In every relationship there is a moment when you must decide whether it’s serious or not. The Egg Lady—the cool, confident woman I’ve been with who told me on our first date about freezing her eggs—and I hit that “Is it serious?” moment about four months in. I’d made plans to go on tour with my band for five weeks without consulting her. Unsurprisingly, when I did let her in on the news, she wondered how I was feeling about “us.” I probably would have evaded the issue for weeks, but she wasn’t going to let me, and I immediately felt like a bit of a heel. The truth was, I wasn’t feeling great about “us.” I was pretty certain we lacked the passion and chemistry for the long haul, but I didn’t have the balls to just come out and tell her.
Men may like to show off their bravery in the face of adversities like a spider in your bathtub, but when it comes to breakups, we’re complete cowards. If a relationship isn’t working, the adult thing would be to sit down and tell the other person. Instead, as you know, we grow distant, make plans without you, hope you pick up on it, and then try to magically fade out of the picture—while leaving the door half open for a possible return. I would like to apologize on behalf of men for doing this, and try to explain our failures. Three facts behind it:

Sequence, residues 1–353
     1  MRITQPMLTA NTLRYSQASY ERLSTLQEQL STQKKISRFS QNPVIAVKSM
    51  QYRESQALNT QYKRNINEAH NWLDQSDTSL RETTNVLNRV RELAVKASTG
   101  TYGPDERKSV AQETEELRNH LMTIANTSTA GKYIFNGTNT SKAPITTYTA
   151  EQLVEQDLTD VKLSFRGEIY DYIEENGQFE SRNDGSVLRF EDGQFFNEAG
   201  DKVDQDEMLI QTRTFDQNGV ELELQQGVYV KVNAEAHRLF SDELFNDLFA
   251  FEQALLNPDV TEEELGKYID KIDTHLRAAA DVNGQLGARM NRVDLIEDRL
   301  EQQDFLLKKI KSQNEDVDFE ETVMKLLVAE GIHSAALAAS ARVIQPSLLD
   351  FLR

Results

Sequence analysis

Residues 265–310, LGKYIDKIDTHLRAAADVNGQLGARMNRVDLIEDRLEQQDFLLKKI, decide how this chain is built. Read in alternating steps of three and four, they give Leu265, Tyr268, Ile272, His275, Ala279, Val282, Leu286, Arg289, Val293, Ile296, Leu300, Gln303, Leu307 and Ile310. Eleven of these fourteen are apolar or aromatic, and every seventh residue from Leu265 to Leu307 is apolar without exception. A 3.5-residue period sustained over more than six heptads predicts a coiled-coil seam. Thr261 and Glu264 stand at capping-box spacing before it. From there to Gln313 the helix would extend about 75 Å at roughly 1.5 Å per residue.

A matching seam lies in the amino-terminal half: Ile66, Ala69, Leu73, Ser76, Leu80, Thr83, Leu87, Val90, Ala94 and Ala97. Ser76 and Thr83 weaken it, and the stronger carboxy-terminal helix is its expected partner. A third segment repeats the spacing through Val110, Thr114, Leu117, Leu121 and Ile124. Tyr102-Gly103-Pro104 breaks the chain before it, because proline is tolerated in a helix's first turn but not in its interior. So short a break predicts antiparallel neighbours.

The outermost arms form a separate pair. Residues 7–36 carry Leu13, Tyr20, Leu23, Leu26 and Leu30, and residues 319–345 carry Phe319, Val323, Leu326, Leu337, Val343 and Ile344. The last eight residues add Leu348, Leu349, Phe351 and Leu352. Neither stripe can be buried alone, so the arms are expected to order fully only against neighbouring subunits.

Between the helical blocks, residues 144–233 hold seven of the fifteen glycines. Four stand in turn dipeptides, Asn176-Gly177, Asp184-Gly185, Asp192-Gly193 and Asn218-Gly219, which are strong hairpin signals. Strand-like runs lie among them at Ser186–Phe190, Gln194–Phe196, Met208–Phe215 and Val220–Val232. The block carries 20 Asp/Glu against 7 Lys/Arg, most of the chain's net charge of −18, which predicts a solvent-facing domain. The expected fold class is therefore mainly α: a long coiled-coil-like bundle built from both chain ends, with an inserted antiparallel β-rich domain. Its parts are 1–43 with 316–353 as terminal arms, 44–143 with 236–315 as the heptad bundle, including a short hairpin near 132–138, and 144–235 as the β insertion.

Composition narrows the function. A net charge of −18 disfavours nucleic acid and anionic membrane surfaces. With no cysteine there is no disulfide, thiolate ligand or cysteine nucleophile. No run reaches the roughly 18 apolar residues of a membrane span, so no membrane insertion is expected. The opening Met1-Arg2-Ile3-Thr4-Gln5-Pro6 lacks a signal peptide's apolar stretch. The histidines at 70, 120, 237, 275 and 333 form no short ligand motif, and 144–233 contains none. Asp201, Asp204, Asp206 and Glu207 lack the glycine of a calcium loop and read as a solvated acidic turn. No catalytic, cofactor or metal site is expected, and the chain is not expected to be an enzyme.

1. I think some men like to be in that not-quite-broken-up space, where we stick around even when things aren’t “going somewhere,” because we like to leave our options open. You know how they say that, when you’re looking for a new job, it’s always better to already have one? Men know that women, like employers, can smell the sad desperation of a lonely man on the hunt. Plus, while we’re looking around, we still have you, checking your phone, wondering where we are. Again, I apologize.
2. I also think many men (and many women) are chronically ambivalent when it comes to relationships. We don’t trust ourselves. Yes, I often hesitate to commit, but I also hesitate to break up. I worry I’m being too critical and expecting too much from a relationship, so I don’t trust my gut when my gut is shouting, “Retreat, retreat!” The result: I end up remaining in nebulous situations longer than I should.
3. Finally, most men (at least, the men I know) hate the thought of hurting women or making them cry. We’d rather prolong a clearly doomed relationship than end it, as long as it means we don’t have to witness you getting all upset.
But the Egg Lady, confident and direct to the end, didn’t let me get away with riding off into the sunset—in my ratty band van—with a big question mark hanging over our relationship’s head. I appreciated her honesty (honestly!) and responded in kind: I told her I wasn’t feeling it. She agreed, and just like that, it was over.
And you know what? It felt good, if a breakup can feel good. I liked that we were up-front and unambiguous about things. While the fadeaway might be appealing, I realized, it actually isn’t the easy way out—it just leads to weeks or months of torture for at least one party, and the inevitable happens at the end anyway. I learned something important from the end of the Egg Lady, and if my next lady doesn’t turn out to be Mrs. Jake, Mother of My Children, I’m going to make a clean break of it sooner rather than later. But hopefully, hopefully, I won’t have to….